Acceleration could be tempting also for Argentina because it could lead to yet another swap offer that could place the payments out of the reach of Griesa’s court. The legal battle is not over.
A US appeals court on Friday agreed to hear on September 18 a complaint by Citibank and Argentina concerning future payments to holders of certain US dollar-denominated restructured bonds after Griesa allowed a one-time payment.
The weakness of Griesa’s ruling is that Argentina has not been, at least yet, punished. Yet there seems to be no end to the confrontation. It is, if anything, escalating and getting uglier.
A Nevada judge has ruled that NML, the hedge fund controlled by the massively-rich US libertarian Paul Singer, has a right to seek out assets held abroad purportedly by the ultra-Kirchnerite businessman Lázaro Báez.
The Nevada judge, one Cam Ferenbach, has said that there is every reason to believe that Báez has embezzled the Argentine state to the tune of 65 million dollars. Potentially, the Báez connection according to Singer’s fund could lead to a fortune that really belonged to the late former president Néstor Kirchner and his wife, the current president of Argentina.
Jorge Capitanich, the president’s Cabinet chief, has meanwhile set off some legal fireworks of his own by describing the hedge funds as an “international mafia,” a term that has been also used by many commentators abroad to describe them.
How could the conflict escalate even further? The president’s stance is that the vultures are out to discipline Argentina for daring to try to live in the global capitalist system without fully embracing the neoliberal economic policies that dominate the industrialized world.
That closing line in the Aurelius statement, the one which says that the “the worst is yet to come,” was an invitation for Fernández de Kirchner to continue with the argument that has enhanced her popularity.
The confrontation continued on Thursday when Fernández de Kirchner made a public appearance in Government House. The president, to put it mildly, was not in a business-friendly mood. She took issue with the swift bankruptcy declared by the local branch of the US printing firm RR Donnelley (it has 400 workers in Argentina and prints well-known glossy magazines here).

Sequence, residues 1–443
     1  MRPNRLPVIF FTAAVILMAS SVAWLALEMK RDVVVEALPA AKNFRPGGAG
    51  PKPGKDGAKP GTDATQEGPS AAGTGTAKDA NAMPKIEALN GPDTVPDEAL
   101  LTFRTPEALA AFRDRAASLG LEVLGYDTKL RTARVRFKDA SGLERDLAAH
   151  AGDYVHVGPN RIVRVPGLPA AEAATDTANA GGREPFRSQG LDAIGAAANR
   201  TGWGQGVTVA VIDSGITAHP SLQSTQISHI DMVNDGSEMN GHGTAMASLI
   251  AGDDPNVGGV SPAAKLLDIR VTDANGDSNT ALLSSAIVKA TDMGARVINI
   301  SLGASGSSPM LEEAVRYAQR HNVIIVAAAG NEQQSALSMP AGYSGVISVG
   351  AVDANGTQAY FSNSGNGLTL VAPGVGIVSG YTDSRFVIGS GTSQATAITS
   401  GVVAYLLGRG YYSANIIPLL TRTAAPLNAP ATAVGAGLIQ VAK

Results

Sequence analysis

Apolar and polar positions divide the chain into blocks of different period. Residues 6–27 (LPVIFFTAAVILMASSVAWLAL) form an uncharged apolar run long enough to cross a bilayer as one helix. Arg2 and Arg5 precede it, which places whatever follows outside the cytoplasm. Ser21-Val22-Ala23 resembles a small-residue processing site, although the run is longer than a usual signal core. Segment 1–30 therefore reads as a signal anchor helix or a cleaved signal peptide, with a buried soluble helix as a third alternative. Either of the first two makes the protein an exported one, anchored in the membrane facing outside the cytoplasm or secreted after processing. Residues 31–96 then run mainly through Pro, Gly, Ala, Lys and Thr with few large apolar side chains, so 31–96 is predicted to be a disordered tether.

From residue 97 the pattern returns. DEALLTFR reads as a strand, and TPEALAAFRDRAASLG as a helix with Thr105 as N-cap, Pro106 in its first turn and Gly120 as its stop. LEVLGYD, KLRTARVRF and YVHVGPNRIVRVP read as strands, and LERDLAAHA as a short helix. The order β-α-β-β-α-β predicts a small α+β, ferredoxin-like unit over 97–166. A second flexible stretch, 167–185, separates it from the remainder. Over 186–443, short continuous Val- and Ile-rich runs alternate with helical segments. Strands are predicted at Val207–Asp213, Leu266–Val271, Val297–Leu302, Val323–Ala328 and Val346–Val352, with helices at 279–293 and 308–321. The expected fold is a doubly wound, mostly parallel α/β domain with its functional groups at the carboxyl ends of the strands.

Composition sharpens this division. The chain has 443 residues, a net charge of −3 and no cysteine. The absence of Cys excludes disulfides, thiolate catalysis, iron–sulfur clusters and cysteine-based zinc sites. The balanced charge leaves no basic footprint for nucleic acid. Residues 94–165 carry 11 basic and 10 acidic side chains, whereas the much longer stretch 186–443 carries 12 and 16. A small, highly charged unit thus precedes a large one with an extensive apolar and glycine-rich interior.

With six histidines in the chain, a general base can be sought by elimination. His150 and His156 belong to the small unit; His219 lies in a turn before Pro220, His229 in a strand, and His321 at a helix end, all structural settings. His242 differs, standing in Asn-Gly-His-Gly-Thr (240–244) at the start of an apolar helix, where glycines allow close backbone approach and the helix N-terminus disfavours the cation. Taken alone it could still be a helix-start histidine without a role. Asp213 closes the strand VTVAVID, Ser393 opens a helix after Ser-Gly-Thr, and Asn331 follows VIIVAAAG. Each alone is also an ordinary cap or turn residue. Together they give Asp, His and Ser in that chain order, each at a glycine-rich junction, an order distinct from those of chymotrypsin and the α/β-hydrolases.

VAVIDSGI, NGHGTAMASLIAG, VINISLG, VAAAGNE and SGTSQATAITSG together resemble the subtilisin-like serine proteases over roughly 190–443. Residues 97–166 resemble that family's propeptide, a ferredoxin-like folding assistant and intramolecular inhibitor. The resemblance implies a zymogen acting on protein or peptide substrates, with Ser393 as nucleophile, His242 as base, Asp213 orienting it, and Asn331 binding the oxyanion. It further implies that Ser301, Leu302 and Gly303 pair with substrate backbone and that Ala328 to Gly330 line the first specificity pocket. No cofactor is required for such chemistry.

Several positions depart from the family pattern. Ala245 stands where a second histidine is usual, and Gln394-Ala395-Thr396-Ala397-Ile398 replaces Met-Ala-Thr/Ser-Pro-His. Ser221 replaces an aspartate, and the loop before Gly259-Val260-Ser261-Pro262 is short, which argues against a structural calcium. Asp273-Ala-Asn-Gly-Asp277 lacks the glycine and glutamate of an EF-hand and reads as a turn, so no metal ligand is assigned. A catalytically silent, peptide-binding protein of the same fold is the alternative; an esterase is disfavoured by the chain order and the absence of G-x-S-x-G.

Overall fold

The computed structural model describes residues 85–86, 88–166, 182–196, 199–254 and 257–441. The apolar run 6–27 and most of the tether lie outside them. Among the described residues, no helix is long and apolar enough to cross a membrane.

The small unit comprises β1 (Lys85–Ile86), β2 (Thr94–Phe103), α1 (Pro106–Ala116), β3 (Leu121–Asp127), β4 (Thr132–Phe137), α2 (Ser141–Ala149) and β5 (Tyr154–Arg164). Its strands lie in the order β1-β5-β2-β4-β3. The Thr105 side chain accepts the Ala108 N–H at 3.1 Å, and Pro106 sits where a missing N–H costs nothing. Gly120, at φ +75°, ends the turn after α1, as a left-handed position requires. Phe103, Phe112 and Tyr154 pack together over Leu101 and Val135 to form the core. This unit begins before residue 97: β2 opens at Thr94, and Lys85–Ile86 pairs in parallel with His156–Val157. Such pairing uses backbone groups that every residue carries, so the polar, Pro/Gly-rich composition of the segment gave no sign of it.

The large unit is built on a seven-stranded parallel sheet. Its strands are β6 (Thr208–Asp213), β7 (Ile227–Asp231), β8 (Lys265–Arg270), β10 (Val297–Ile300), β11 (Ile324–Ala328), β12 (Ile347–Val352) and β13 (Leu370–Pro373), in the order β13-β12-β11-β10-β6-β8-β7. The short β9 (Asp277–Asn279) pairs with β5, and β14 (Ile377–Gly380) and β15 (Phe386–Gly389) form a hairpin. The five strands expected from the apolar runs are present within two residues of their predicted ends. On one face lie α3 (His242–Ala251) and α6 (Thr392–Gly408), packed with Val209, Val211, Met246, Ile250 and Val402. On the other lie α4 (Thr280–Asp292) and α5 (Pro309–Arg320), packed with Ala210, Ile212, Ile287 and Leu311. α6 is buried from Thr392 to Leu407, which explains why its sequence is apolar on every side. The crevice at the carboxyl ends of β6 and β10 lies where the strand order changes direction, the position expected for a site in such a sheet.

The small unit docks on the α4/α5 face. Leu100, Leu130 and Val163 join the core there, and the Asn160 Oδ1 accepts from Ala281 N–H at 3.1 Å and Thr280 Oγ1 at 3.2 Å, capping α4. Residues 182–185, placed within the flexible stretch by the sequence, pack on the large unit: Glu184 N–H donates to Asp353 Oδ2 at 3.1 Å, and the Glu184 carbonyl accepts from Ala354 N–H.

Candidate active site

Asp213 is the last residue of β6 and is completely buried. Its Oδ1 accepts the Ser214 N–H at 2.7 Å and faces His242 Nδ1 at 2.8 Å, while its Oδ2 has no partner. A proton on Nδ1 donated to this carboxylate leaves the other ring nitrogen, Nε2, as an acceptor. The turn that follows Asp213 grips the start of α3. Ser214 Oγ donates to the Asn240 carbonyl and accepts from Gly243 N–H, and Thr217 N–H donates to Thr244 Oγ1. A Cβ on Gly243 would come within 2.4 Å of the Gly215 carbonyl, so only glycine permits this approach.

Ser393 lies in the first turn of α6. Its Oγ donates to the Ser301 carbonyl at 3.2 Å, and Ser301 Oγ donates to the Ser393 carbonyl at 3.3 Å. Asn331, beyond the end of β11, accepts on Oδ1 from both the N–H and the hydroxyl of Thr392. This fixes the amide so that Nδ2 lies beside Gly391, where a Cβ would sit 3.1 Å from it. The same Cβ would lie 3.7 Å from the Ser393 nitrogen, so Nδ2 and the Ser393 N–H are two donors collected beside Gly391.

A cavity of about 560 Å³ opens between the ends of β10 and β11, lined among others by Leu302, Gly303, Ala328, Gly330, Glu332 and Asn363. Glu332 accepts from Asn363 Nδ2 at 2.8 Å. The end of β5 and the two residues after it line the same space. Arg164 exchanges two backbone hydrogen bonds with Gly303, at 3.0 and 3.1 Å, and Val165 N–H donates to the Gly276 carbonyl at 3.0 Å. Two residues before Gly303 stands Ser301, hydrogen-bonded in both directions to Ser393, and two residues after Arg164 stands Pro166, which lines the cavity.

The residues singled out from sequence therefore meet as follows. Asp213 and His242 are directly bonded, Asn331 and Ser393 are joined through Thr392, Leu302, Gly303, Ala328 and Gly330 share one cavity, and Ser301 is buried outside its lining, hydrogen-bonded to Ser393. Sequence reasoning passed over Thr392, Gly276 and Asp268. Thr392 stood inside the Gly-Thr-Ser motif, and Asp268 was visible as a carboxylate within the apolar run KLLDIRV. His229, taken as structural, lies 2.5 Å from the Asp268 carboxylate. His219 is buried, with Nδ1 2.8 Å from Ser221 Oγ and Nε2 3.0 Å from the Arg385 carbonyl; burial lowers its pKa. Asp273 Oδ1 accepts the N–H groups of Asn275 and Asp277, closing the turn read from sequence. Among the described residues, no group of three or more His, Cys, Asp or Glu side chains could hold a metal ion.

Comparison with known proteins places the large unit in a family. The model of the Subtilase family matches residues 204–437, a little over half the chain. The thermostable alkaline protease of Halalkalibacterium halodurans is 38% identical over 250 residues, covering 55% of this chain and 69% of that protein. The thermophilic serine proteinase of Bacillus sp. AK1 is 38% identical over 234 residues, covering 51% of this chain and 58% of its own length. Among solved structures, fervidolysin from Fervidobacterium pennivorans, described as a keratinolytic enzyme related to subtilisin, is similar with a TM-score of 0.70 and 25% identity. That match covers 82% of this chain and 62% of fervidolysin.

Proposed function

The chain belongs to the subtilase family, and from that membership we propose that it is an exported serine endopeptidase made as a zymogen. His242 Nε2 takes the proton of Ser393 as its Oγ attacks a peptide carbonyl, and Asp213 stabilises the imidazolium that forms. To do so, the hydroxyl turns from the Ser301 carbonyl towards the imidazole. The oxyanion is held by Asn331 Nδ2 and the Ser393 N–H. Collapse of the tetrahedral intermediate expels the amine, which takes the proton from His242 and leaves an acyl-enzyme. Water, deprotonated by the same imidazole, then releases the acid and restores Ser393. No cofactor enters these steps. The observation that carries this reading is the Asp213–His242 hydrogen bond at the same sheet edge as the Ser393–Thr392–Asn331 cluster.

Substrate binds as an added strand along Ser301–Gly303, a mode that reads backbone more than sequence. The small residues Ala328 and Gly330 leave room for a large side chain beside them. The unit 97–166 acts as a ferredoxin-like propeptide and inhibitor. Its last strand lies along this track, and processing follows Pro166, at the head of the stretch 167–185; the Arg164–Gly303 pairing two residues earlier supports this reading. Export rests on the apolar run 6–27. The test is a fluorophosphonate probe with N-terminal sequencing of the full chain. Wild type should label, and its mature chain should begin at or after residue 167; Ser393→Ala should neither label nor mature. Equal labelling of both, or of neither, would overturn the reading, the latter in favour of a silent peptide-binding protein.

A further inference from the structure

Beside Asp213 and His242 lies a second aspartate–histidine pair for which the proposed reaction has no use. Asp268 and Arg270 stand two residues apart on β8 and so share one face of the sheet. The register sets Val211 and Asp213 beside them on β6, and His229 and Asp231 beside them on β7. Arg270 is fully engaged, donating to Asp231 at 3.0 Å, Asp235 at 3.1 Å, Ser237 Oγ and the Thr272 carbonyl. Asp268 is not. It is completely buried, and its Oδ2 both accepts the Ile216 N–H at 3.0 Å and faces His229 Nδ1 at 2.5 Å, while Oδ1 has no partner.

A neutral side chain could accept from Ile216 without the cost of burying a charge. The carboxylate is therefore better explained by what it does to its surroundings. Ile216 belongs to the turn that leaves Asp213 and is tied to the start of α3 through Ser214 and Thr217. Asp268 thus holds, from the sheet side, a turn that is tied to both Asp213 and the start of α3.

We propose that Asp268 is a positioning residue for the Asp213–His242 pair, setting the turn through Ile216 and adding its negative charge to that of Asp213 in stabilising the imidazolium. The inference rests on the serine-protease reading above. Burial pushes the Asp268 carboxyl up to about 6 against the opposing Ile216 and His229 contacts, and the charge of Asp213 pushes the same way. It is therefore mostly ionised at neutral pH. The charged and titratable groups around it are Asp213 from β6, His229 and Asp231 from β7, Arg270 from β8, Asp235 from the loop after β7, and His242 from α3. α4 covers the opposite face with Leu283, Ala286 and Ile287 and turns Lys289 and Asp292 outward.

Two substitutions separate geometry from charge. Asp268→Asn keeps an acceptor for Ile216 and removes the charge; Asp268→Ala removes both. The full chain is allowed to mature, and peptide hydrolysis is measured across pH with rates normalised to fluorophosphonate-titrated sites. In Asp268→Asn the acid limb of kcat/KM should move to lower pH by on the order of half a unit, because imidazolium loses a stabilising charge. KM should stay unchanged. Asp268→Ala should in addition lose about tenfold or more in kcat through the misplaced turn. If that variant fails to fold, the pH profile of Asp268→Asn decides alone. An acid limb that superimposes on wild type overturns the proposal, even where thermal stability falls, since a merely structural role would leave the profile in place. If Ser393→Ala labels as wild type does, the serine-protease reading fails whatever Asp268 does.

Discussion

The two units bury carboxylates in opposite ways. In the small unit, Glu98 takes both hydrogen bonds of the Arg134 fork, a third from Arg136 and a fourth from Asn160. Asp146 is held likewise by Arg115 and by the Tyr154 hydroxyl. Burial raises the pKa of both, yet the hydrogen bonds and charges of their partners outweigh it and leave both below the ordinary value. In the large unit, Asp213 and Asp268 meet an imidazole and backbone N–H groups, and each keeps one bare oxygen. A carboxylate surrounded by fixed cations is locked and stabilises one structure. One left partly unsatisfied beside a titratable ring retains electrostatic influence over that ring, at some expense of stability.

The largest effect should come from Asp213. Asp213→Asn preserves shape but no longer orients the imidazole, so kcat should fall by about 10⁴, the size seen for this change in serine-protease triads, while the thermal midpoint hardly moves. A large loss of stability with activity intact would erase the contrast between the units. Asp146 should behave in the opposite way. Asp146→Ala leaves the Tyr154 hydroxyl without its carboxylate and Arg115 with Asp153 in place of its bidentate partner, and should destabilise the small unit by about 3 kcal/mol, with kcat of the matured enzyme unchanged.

RR Donnelley, Fernández de Kirchner said, had connections with hedge funds of the sort engaged in litigation with Argentina in the United States. (The company last night denied the allegation.) The president announced that her administration is pressing charges against RR Donnelley executives under the recently-approved Anti-terrorist Law for allegedly trying to “alter the financial and economic order” with its bankruptcy, presumably in a bid to terrify the population at a time Argentina is at war with the hedge funds.
The Anti-terrorist Law is controversial because progressive groups had complained that it would be used to clamp down on social protests. Instead, the president bragged on Thursday, the government is using it to press charges against a capitalist company. Argentina will also take the case before the US Securities and Exchange Commission (SEC).
Much of the opposition is fuming. The critics say that the move will do nothing to woo investments. Radical Senator Gerardo Morales said CFK’s government was getting close to embracing “Venezuelan populism.” Critics also claim that the president is only posing as a leftist while her real intent is corrupt.
The government is also submitting a draft bill to Congress to reform an anti-hoarding law approved in the seventies (a bid by then president Juan Perón in 1973-74 to battle inflation and price increases.)
Inflation officially clocked in at 1.4 percent in July and even government supporters are admitting that it is likely that, for the first time in a decade, salaries will lose out to the price hikes this year.
The reform to the anti-hoarding law will do away with prison sentences for business owners. But the government-sponsored draft allows for the regulation of the market by the state. If approved it will allow the government to regulate profit margins, set reference prices and, according to the business sector, force manufactures to make products at a loss. Argentina’s top business forums have declared that the draft bill is “unconstitutional.” A meeting between Domestic Trade Secretary Augusto Costa and leaders of the Argentine Industrial Union (UIA) on Thursday failed to sort the conflict out. The draft bill has been submitted to the Senate.
The opposition has announced that it will try to shoot down the Anti-terrorist Law in Congress. But the Kirchnerite Victory Front, despite its defeat last year, not lost control of the Lower House nor the Senate. That bit of landscape remains unaltered.